Sunday, October 20, 1985.
DIM SUM - A LITTLE BIT OF HEART. Written by Terrel Seltzer. Music by Todd Boekelheide. Co-produced and directed by Wayne Wang. Running time: 87 minutes. General entertainment with no B.C. Classifier’s warning. In English and Cantonese with English subtitles.
MICHAEL CIMINO THOUGHT THAT he understood the Chinese. He'd heard about the importance of family, and he scrupulously studied traditional restaurant interior design before making his most recent film, the Chinatown drama Year of the Dragon (1985).
Cimino's painstaking efforts notwithstanding, Asian Americans turned thumbs down on his picture. A violence-filled street-gang epic, it has been accused of everything from promoting negative stereotypes to hardcore racism.
Wayne Wang is in no such danger. A Hong Kong-born San Francisco-based director, Wang not only understands his Chinese characters, but is able to communicate his understanding in natural, unforced poetic images.
Remember 1982’s Chan Is Missing? Made for an incredible $23,000, it was a knowing, multi-faceted look into the life of a Chinese-American community, and it suggested that Wang was a filmmaker worth watching.
Now comes Dim Sum - A Little Bit of Heart to confirm that he is, indeed, a genuine talent. Working with Chan screenwriter Terrel Seltzer (his ex-wife) and Chan supporting player Laureen Chew, Wang has come up with a gentle family drama, the story of a mother and daughter caught in a web of traditional obligations.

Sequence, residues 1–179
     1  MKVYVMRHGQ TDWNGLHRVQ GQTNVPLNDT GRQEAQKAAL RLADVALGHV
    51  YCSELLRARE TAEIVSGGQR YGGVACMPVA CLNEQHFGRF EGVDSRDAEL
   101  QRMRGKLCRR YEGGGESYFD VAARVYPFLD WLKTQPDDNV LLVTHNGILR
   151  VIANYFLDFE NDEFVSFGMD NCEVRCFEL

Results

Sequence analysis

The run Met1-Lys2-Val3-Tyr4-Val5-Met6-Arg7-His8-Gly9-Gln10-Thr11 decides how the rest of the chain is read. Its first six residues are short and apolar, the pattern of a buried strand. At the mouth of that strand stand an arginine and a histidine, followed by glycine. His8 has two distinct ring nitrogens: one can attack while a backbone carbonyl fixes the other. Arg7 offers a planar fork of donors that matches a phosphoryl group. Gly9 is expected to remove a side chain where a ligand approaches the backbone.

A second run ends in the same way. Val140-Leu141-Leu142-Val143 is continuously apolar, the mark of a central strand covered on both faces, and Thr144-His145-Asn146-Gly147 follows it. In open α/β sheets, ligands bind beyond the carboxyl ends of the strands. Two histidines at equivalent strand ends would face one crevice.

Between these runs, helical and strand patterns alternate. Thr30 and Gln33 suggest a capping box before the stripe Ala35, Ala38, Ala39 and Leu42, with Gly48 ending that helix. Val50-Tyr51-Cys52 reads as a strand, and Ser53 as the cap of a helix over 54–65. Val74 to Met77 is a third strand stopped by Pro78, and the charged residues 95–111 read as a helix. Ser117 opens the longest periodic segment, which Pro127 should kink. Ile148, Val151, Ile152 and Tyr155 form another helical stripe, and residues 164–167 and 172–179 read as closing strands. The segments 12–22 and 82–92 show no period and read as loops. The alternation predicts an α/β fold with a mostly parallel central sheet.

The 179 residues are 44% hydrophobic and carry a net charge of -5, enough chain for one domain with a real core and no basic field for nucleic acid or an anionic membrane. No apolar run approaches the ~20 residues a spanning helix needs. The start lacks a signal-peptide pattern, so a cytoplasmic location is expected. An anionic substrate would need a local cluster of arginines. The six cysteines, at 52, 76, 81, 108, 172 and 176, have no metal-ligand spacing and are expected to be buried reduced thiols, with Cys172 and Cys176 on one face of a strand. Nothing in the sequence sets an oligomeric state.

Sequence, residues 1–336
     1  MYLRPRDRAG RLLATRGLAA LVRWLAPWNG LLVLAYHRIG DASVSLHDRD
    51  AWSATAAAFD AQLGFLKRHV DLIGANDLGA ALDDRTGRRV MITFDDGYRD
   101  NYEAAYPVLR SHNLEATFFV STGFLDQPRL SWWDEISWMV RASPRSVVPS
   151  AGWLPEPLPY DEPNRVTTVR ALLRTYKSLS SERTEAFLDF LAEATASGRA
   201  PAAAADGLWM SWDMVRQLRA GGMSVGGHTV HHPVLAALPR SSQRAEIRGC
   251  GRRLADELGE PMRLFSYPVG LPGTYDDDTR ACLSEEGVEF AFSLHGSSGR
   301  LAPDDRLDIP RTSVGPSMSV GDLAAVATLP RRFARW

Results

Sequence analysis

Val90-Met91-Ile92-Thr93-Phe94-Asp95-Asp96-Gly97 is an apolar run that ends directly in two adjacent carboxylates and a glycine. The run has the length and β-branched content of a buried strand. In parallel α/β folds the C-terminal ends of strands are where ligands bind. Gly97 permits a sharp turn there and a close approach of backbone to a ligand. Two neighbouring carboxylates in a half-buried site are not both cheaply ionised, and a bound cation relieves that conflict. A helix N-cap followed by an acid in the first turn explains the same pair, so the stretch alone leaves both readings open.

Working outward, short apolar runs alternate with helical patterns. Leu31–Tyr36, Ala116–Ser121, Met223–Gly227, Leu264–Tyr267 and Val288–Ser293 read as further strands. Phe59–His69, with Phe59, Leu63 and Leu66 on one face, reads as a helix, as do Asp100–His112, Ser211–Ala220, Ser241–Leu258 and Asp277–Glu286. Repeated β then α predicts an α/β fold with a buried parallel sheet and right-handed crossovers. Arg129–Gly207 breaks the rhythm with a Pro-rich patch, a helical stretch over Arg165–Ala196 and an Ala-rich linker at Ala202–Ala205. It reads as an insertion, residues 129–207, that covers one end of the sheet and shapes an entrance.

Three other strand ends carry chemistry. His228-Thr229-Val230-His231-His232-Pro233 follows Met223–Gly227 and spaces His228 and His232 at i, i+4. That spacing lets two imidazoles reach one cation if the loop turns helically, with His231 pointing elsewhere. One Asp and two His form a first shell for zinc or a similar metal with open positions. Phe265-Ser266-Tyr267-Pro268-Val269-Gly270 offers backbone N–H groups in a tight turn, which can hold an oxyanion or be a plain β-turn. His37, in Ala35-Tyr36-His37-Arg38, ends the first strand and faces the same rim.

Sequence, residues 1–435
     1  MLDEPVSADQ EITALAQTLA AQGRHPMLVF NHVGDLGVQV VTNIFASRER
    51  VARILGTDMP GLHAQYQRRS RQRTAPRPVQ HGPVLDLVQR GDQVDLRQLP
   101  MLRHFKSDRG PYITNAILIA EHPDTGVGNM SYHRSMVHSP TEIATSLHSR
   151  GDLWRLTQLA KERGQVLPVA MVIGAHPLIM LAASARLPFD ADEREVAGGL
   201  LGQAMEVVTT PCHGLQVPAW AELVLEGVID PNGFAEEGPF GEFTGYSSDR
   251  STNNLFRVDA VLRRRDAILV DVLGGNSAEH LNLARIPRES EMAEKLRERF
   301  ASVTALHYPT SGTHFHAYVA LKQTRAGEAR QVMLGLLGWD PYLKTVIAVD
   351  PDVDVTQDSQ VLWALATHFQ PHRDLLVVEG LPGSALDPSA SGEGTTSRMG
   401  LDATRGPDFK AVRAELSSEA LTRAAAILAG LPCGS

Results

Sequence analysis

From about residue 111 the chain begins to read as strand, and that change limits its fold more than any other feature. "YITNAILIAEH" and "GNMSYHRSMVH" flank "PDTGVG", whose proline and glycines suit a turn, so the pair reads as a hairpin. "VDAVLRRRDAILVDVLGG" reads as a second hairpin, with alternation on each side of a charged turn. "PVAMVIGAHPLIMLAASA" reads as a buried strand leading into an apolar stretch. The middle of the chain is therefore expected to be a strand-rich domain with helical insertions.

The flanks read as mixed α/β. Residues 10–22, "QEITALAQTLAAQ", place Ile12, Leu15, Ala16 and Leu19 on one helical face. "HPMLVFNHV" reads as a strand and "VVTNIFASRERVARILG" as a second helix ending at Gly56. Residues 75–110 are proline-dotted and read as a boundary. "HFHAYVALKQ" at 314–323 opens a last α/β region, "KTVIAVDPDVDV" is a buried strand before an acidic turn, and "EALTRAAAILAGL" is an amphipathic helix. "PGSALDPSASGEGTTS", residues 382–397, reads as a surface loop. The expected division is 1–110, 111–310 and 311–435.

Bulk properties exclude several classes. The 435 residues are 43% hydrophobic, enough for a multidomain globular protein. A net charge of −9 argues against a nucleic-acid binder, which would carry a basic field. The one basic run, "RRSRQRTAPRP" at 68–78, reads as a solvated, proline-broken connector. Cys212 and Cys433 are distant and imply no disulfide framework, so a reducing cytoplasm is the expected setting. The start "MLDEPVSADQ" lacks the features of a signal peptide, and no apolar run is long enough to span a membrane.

The widowed Mrs. Tam (Kim Chew, actress Laureen's real-life mother) is approaching 62, the age at which she expects to die. Before that happens, though, she wants her last live-at-home daughter Geraldine (Laureen Chew) to marry Richard (John Nishio), a Los Angeles doctor and Geraldine's long-time boyfriend.
For her own part, Geraldine is reluctant to leave her mother alone in the world. Easing communications between the two is Uncle Tam (Victor Wong), a Chinatown saloonkeeper who combines a westernized worldliness with a deep sense of family loyalty and Eastern tradition.
No hoot-and-howl melodrama, their story is told in a series of polite, unhurried moments. In and around them, Wang delicately establishes the currents of genuine love and respect that flow through these formal family relationships.
His film takes its name from those one-bite lunchtime delicacies that Chinese restaurants offer. Like a proper dim sum chef, Wang provides us with a satisfying, thoroughly filling selection of authentic treats.
The above is a restored version of a Province review by Michael Walsh originally published in 1985. For additional information on this archived material, please visit my FAQ.
Afterword: Not just a boutique filmmaker, Wayne Wang managed to maintain his independence while crossing over into the world of mainstream filmmaking. He followed Dim Sum with 1987’s Slam Dance, a neo-noir thriller in which none of the principal characters was Chinese. He found his creative comfort zone in alternating projects. Emphasizing his Asian-American side are works such as the 1989 romantic drama Eat a Bowl of Tea, and his adaptation of Amy Tan’s bestselling novel about mothers and daughters, The Joy Luck Club (1993). In 1995, Wang directed the Brooklyn neighbourhood drama Smoke. His erotic epic The Centre of the World (2001) was released without a rating to avoid the American MPAA's NC-17, Hollywood’s scarlet letter. Wang returned to Hong Kong to shoot 1997’s Chinese Box, a story set around Beijing’s repatriation of the British Crown Colony. He has since travelled to the Mainland to direct 2011’s Snow Flower and the Secret Fan, a drama that paired stories set in 19th century China and modern Shanghai. Wayne Wang turns 73 today (January 12).